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POPULAR LITERATURE

POEM

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Prepared by: Corpuz , Michelle E.

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Sonnet 10: Death, Be Not Proud ,

By: John Donne :

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OBJECTIVES

At the end of the lesson, the students are able to:

interpret the meaning of Sonnet 10: Death, Be Not Proud; examine the literary and poetic devices in the poem; a ppreciate the popular literature poem Sonnet 10: Death, Be Not Proud; and create their own sonnet.

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John Donne | Anecdotes | Paw Prints

JOHN DONNE John Donne was born in 1572 in London, England. He is known as the founder of the Metaphysical Poets. Holy Sonnets, also called Divine Meditations or Divine Sonnets.

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John Donne | Anecdotes | Paw Prints

Series of 19 devotional poems by John Donne that were published posthumously in 1633 in the first edition of Songs and Sonnets. Death, Be Not Proud, a sonnet by John Donne, is one of the 19 Holy Sonnets. This devotional lyric directly addresses death, raging defiantly against its perceived haughtiness. The theme, seen throughout Donne’s poetry, is that death is unable to corrupt the eternal soul.

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Death, be not proud, though some have called thee Mighty and dreadful, for thou art not so; For those whom thou think’st thou dost overthrow Die not, poor Death, nor yet canst thou kill me. From rest and sleep, which but thy pictures be, Much pleasure; then from thee much more must flow, And soonest our best men with thee do go, Rest of their bones, and soul’s delivery. Thou art slave to fate, chance, kings, and desperate men, And dost with poison, war, and sickness dwell, And poppy or charms can make us sleep as well And better than thy stroke; why swell’st thou then? One short sleep past, we wake eternally And death shall be no more; Death, thou shalt die.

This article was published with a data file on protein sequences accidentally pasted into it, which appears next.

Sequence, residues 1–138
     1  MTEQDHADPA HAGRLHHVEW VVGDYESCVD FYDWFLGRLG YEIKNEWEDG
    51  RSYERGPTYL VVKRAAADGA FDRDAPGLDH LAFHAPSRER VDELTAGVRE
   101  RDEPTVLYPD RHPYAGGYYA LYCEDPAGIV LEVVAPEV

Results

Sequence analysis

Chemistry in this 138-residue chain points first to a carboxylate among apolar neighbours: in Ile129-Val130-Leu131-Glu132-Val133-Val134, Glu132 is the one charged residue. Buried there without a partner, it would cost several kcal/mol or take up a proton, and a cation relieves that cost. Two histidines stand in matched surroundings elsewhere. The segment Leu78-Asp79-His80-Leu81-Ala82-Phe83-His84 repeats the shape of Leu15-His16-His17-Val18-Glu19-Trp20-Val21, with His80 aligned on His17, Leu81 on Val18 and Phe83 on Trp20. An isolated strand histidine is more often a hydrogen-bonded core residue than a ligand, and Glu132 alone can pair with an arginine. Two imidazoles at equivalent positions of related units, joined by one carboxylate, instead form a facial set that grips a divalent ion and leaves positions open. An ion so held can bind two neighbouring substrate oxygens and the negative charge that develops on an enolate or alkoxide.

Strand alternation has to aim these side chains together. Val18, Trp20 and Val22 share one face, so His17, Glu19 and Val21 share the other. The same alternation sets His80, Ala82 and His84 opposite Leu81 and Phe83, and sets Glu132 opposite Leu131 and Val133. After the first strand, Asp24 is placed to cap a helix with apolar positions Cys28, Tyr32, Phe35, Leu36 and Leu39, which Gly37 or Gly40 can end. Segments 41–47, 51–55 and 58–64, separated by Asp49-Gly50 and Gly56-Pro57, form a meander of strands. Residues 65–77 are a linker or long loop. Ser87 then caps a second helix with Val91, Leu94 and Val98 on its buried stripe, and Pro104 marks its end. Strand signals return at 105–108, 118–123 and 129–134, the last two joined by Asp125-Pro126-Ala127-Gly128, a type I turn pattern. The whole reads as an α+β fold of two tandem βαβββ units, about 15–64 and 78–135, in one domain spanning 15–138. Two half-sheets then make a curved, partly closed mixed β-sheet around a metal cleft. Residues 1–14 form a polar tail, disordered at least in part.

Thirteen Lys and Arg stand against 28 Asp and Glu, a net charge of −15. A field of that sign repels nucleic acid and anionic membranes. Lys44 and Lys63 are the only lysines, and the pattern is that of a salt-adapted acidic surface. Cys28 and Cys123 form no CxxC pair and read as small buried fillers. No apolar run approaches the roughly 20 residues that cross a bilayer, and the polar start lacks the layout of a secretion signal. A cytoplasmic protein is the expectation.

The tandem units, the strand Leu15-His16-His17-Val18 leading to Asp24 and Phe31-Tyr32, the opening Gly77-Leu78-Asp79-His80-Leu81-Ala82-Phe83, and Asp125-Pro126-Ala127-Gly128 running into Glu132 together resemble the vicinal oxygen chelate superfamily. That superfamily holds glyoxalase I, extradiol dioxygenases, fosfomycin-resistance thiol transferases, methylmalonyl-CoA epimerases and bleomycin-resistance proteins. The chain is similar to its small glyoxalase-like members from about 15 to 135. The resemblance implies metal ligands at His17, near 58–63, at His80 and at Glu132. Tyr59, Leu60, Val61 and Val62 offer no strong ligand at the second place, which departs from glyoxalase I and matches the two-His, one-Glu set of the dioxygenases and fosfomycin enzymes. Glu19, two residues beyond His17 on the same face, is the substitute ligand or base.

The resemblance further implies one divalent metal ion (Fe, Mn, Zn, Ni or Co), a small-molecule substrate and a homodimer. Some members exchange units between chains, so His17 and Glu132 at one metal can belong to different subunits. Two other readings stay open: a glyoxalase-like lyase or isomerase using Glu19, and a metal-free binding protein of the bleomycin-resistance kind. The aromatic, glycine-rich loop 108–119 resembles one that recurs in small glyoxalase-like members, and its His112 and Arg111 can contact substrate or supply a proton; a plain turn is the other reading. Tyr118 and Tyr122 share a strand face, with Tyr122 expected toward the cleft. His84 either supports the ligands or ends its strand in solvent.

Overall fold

S Sonnet 10:

Death, Be Not Proud

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ANALYSIS

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Lines 1-2

Death, be not proud, though some have called thee Mighty and dreadful, for thou art not so;

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Lines 1-2

Lines 1-2 Analysis

The speaker creates a personified version of death by talking to him directly. He paints a picture of Death as an arrogant being, that is need to be humbled. The speaker takes on the part of the one who has to humble this being. He tells him that he ought not to be so proud, people have feared Death and called him “mighty and dreadful”. The speaker, however, with a voice of absolute authority on the matter, simply states, “thou art not so”. The poet uses the literary tactic of apostrophe to drive home his point. Apostrophe occurs when a writer addresses a subject who cannot respond. Death, though adequately personified, cannot respond to the accusations of the speaker.

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For those whom thou think’st thou dost overthrow Die not, poor Death, nor yet canst thou kill me.

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Lines 1-2

Lines 3-4 Analysis

The speaker accuses death of having illusions of grandeur. He claims that while Death  thinks  that he has the power to kill, he actually does not. The speaker first humbles Death by telling him that his idea that he has the power to overthrow lives is simply an illusion, and that he has no such power at all. Then, to further humiliate Death, the speaker calls him “Poor Death”. It sounds almost as if the speaker is making fun of Death for having lived under the illusion that he had any sort of power over life or death.

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Lines 1-2

Lines 3-4 Analysis

Then, he addresses Death in a more personal manner, challenging him by saying, “yet canst thou kill me”. It seems dangerous for one to threaten death in this way. However, knowledge of John Donne’s background and ideologies can give some insight into the speaker’s confidence here. Though everyone knows that physical death does indeed occur, the speaker is challenging Death in a different way. He uses the Christian theology of eternity to taunt Death by telling him, essentially, “Even if you take my physical body, you can never truly kill me.”